Consider the following arrangement (which isn't uncommon); development takes place on the main branch (trunk in SVN terminology). When a release is made, the release manager tags it with a tag like "release-4-0-0", and they also create a "maint-4-0" branch for bugfixes only. Development of new features continues apace on trunk, leading towards a 4.1 release (tag "release-4-1-0", branch "maint-4-1").
During a deployment of 4.0.0, a bug report comes in; as the sustaining engineer responsible for 4.0, I have a copy of the maint-4-0 branch checked out, as well as a copy of trunk. It's late on a Friday, but as the bug reporter is important, I diagnose the bug, discovering that it's an obscure interaction between something very specific in their configuration and our software. Because it's an obscure interaction, it's unlikely to be seen by anyone else, and automated testing won't catch it. However, it's a simple bug to fix, so I code the fix, check it in, and send the reporter a hotfix to test.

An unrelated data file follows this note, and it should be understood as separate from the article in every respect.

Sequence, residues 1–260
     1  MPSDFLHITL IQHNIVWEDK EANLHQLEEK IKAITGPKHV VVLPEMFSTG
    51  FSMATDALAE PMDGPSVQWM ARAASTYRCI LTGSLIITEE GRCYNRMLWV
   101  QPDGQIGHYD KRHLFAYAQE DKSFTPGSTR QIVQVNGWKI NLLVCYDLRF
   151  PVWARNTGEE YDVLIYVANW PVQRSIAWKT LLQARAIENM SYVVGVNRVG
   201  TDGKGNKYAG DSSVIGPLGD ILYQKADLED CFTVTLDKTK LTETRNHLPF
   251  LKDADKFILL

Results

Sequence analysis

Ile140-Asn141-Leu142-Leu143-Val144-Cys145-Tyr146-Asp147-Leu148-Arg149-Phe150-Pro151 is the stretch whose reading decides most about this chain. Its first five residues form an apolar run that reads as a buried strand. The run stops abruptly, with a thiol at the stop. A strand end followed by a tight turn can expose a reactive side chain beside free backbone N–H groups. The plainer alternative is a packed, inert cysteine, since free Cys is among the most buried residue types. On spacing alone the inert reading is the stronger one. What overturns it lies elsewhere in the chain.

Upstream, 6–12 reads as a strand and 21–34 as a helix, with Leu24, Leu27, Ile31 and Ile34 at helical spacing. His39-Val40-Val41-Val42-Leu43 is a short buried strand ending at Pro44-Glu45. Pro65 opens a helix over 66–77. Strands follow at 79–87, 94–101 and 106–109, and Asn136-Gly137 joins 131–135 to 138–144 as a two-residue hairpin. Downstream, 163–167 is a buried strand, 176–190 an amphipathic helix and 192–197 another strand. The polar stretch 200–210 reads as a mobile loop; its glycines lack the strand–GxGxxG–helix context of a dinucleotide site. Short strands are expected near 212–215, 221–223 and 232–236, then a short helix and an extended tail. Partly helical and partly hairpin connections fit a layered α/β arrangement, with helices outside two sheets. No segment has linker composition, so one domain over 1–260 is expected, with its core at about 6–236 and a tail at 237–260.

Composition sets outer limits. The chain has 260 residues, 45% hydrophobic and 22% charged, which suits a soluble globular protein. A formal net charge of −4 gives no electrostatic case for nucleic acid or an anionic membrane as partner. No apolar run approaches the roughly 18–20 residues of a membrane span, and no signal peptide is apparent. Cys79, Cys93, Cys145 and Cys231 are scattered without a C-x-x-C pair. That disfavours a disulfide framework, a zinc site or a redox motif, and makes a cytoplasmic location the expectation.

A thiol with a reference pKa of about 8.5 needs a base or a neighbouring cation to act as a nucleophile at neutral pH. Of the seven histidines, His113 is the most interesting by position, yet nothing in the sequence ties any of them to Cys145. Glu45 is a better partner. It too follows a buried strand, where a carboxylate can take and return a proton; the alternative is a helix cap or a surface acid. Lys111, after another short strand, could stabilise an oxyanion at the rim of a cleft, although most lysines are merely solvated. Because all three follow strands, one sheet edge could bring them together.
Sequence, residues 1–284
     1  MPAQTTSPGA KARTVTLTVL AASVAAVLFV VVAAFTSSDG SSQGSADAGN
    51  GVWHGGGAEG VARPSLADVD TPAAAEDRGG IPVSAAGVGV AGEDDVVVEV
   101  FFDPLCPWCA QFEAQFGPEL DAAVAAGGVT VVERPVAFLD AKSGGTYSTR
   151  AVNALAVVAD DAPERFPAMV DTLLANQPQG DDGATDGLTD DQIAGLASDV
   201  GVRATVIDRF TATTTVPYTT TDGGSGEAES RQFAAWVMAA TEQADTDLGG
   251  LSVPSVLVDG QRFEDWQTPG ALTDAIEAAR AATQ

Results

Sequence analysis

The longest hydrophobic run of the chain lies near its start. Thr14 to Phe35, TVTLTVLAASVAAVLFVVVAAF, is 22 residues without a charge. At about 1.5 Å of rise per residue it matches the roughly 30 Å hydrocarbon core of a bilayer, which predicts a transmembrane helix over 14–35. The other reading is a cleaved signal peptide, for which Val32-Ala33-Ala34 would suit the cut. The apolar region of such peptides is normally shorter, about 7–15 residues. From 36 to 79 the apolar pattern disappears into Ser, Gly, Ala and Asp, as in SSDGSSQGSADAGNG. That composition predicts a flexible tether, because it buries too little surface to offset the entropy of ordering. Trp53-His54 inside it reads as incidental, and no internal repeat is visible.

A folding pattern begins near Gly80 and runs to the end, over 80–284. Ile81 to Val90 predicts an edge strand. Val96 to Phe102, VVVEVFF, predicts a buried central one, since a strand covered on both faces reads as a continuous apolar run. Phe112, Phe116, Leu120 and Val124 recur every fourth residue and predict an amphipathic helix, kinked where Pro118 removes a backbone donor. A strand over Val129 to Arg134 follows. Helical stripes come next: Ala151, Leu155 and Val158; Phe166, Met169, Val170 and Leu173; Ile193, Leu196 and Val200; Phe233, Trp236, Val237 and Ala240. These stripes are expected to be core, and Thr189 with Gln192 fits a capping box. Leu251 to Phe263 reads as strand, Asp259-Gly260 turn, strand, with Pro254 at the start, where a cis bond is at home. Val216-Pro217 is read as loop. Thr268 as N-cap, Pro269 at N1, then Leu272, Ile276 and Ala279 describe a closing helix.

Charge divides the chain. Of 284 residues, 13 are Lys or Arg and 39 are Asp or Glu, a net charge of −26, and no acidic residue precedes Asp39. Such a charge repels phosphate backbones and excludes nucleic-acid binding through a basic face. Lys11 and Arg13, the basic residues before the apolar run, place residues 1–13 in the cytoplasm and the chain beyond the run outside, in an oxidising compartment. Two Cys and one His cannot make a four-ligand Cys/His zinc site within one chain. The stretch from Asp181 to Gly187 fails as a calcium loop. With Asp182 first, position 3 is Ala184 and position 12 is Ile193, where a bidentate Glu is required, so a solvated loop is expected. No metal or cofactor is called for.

I duly note in the bug tracker that I've checked in a fix, SVN revision 155234. Process tells me that I need to forward port the fix to trunk as well as check it in to maintenance, but I'm now very tired, and don't trust myself to forward port it properly, so I leave it, fully intending to come back and do the rest of the job later.
Life intervenes, and I forget. The only formal record of the problem says it was fixed in revision 155234; my colleages note that trunk is now at 156974, and assume that the fix is in trunk. Because we got ahead of plan on feature development, 4.1.0 is ready before we've accumulated enough minor bugs to make a 4.0.1 release worthwhile; we can tell from the revision number that my fix is after 4.0 was released, but before 4.1 was ready. The resulting assumption upsets the original bug reporter, because they saw a 4.0 release that failed, a quick fix that I said was checked in, and a 4.1 release that fails again in the same way.
And before you claim this is unrealistic, that no-one uses SVN like this, please be aware that I've not worked anywhere in the last 10 years that uses centralised VCS (not just SVN, but commercial VCS as well), and doesn't use it like this. Most large projects have a need for branches - if nothing else, one for development, one for maintenance, so that users can pick up just bug fixes to the latest release without picking up half-baked new features too.
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